America's Cup yachtsman Sir Russell Coutts and his family have moved into their multi-million-dollar beachfront home.
Finishing touches were put on the Cape Cod-style mansion this month and the family moved in.
A relaxed Jenny Coutts said it felt good to have the family's permanent home finished after years of living in rental accommodation.
Initially there was negative feedback on the two-level home, which is spread across three waterfront sections at Tindalls Bay on the Whangaparaoa Peninsula, 40km north of Auckland.
Some neighbours labelled it "ostentatious" and said it stood out from the "humble baches" in the village. But Coutts said the overwhelming feedback from the community had been "very positive and welcoming" since they moved in.
She said extensive planting of mature palms and native shrubs had "softened the look" of the new build.
The two-level, 667sq m property includes six bathrooms, three living areas, basketball and flood-lit tennis courts and sits on 2435sq m of beachfront land. The Coutts family paid $7.7 million for three sections and demolished the houses on them.
Graham Wall of Graham Wall Real Estate, which specialises in luxury properties, yesterday estimated the Coutts' family home would be worth at least $20m.
Former Olympic sailor Coutts, who was knighted in 2009 for his services to the sport, is working overseas. He now runs the America's Cup Event Authority.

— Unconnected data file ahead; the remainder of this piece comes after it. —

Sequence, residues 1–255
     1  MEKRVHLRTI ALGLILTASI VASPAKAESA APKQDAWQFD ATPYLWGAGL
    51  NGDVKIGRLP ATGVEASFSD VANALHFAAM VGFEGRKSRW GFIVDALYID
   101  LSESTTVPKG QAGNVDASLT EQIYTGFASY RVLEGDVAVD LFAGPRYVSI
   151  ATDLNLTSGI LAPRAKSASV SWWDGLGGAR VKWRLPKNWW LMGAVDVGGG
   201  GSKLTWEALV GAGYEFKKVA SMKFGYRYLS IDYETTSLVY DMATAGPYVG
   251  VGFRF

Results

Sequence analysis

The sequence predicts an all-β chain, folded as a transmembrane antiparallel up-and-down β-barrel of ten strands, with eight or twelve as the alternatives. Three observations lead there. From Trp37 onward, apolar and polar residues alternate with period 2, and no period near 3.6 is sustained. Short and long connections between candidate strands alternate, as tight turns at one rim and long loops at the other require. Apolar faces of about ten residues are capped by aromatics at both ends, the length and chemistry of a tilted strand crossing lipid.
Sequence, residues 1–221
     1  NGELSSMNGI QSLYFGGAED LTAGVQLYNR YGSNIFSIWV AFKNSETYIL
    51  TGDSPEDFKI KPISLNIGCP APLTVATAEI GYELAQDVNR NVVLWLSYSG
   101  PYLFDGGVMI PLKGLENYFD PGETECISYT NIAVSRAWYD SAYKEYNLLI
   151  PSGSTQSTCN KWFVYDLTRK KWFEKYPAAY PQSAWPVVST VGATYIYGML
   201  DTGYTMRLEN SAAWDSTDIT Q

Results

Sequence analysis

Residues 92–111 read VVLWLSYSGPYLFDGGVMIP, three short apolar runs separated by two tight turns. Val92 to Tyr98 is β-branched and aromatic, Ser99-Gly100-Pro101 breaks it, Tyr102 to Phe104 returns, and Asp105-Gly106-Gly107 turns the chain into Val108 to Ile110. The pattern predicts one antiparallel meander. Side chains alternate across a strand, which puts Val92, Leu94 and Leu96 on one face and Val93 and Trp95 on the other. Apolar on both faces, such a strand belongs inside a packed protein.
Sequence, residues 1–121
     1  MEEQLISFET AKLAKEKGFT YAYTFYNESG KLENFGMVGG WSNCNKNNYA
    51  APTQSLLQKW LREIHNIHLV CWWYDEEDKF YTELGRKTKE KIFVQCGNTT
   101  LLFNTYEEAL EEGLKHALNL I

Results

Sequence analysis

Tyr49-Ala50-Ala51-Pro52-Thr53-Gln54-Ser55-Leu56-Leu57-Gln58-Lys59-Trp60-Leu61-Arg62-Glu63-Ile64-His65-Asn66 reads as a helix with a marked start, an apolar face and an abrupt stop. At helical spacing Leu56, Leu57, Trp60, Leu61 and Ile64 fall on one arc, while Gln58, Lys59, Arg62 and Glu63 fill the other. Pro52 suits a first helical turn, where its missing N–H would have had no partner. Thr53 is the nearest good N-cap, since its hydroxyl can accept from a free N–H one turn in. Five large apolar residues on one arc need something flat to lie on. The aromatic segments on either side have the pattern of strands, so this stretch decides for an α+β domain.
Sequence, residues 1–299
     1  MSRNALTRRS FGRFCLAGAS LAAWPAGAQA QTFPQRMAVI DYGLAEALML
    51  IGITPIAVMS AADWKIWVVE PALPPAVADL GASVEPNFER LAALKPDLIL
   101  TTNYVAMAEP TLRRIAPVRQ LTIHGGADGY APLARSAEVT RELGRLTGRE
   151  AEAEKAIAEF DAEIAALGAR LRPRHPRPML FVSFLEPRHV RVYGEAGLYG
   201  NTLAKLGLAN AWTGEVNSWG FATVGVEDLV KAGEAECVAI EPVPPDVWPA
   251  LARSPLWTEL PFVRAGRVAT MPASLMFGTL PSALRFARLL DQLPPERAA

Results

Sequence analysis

He is a five-time winner of the America's Cup, first with Team New Zealand in 1995. Eight years later he skippered Alinghi to its 2003 defeat of Team New Zealand. He also led US team Oracle.
Work started on his Sumich Chaplin-designed property at Tindalls Bay in 2014.
The completed home sits low, and the blue weatherboards, shutters and weathered cedar shingles fit the beach location and other homes.
Neighbour Heather Matthews described the house as "an asset to the bay".
"The roof has weathered and they have planted mature palm trees so the house looks like it has always been here," she said. "It has probably added a lot of value to the neighbouring properties."
Matthews said a lot of the initial negativity had died down because people liked the final design.
"A lot of the negativity was just envy but we think it is a beautiful house, it looks amazing."
Another neighbour who voiced concerns about Auckland Council's non-notifiable resource consent process said she loved the style of the home.
"It is a stunning, beautiful, wonderful home and it has added a lot to the area."